Experts: Google antitrust probe to shed light on search

But Google supporters question whether there's evidence that the company has been anticompetitive

The U.S. Federal Trade Commission's antitrust investigation into Google's search engine could shine some light on the secret inner workings of the company's search ranking decisions and the relationship between advertising and free search results, some Google critics said Friday.

With other Google services being integrated with its search engine and Google offering both paid search and free search results, there's an "enormous possibility for abuse," said Eric Clemons, an operations and information management professor at the University of Pennsylvania.

Google's paid search service gives the company an incentive to keep its free search results from getting too good, Clemons said at a Technology Policy Institute (TPI) forum on Google and antitrust in Washington, D.C. "I've always wanted to say this in Washington: Follow the money," he said.

The FTC's antitrust probe of Google, reported in June, will give investigators a chance to see how Google ranks search results, giving the public a "first line of defense" against anticompetitive practices, said Oren Bracha, a law professor focused on technology and intellectual property at the University of Texas.

"The whole search process is shrouded in secrecy," Bracha said. "It's a big black box, and nobody except Google really knows what's going on in there. Somebody gets to open the black box."

While Clemons and Bracha argued in favor of an investigation, other speakers on Friday questioned whether an antitrust probe of Google was appropriate. Though some competitors have complained about Google's search dominance and its search rankings, antitrust cases must show harm to consumers, said Geoffrey Manne, founder of the International Center for Law and Economics, an organization that has received support from Google.

There don't seem to be any major complaints against Google alleging consumer harm, Manne said.

Also, although Google has become a huge company, that's not a good reason to bring an antitrust lawsuit against the company, said Manne and Michael Katz, a business professor at the University of California, Berkeley. U.S. law allows companies to become monopolies, as long as they act fairly, said Katz, who has worked with Google.

"In the United States, there's nothing wrong with making lots of money," Katz said.

Google should have the ability to add services and integrate search functionality with other products as a way to better serve customers, Katz said. Microsoft's Bing search engine integrates an airfare pricing service, and there are few complaints, he said.

People complaining about Google adding services to search have the attitude of, "Innovation? We don't need no stinkin' innovation," Katz said.

Thomas Lenard, TPI's president, questioned how FTC investigators could tell if Google's search results were biased. "If you were at the FTC, what would you be looking at?" he said.

Determining search bias will not be easy, Bracha said. "One cannot imagine equal, neutral treatment for everybody in this context," he said. "Search, in order to be useful at all, is inherently hierarchical. Somebody has to be at the bottom."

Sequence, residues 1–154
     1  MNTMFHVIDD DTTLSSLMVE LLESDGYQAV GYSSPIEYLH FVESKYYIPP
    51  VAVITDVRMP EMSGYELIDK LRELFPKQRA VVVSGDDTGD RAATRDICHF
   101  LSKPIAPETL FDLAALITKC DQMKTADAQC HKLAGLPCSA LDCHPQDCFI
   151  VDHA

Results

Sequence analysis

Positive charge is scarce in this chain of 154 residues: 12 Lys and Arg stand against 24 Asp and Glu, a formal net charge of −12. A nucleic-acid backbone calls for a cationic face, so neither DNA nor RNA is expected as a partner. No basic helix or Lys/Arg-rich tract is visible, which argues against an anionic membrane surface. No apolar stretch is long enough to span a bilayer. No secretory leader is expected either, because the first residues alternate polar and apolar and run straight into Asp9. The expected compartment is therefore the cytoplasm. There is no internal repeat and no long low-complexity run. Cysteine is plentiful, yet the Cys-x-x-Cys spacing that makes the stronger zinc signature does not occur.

But the American Homeowners Grassroots Alliance, an advocacy group that doesn't disclose its supporters, has heard "countless complaints" from small-business marketers of niche products who see their Google search rankings drop for no apparent reason, said Bruce Hahn, the group's president.

"I don't know what other explanation there could be, other than there's some bias in Google search, and for what reasons, other than financial gain?" Hahn said.

Friday's Google antitrust forum may be a preview of a U.S. Senate hearing next Wednesday. The Senate Judiciary Committee's antitrust subcommittee will host a hearing entitled, "The Power of Google: Serving Consumers or Threatening Competition?" at 2 p.m. that day. Eric Schmidt, Google's executive chairman, is scheduled to be a witness.

Grant Gross covers technology and telecom policy in the U.S. government for The IDG News Service. Follow Grant on Twitter at GrantGross. Grant's e-mail address is grant_gross@idg.com.

Join the PC World newsletter!

Error: Please check your email address.

Tags advertisingBerkeleyantitrustGoogleGeoffrey ManneEric ClemonsBruce Hahneric schmidtAmerican Homeowners Grassroots Alliancegovernment

Struggling for Christmas presents this year? Check out our Christmas Gift Guide for some top tech suggestions and more.

Keep up with the latest tech news, reviews and previews by subscribing to the Good Gear Guide newsletter.

Grant Gross

IDG News Service

Most Popular Reviews

Follow Us

Best Deals on GoodGearGuide

Shopping.com

Latest News Articles

Resources

GGG Evaluation Team

Kathy Cassidy

STYLISTIC Q702

First impression on unpacking the Q702 test unit was the solid feel and clean, minimalist styling.

Anthony Grifoni

STYLISTIC Q572

For work use, Microsoft Word and Excel programs pre-installed on the device are adequate for preparing short documents.

Steph Mundell

LIFEBOOK UH574

The Fujitsu LifeBook UH574 allowed for great mobility without being obnoxiously heavy or clunky. Its twelve hours of battery life did not disappoint.

Andrew Mitsi

STYLISTIC Q702

The screen was particularly good. It is bright and visible from most angles, however heat is an issue, particularly around the Windows button on the front, and on the back where the battery housing is located.

Simon Harriott

STYLISTIC Q702

My first impression after unboxing the Q702 is that it is a nice looking unit. Styling is somewhat minimalist but very effective. The tablet part, once detached, has a nice weight, and no buttons or switches are located in awkward or intrusive positions.

Latest Jobs

Shopping.com

Don’t have an account? Sign up here

Don't have an account? Sign up now

Forgot password?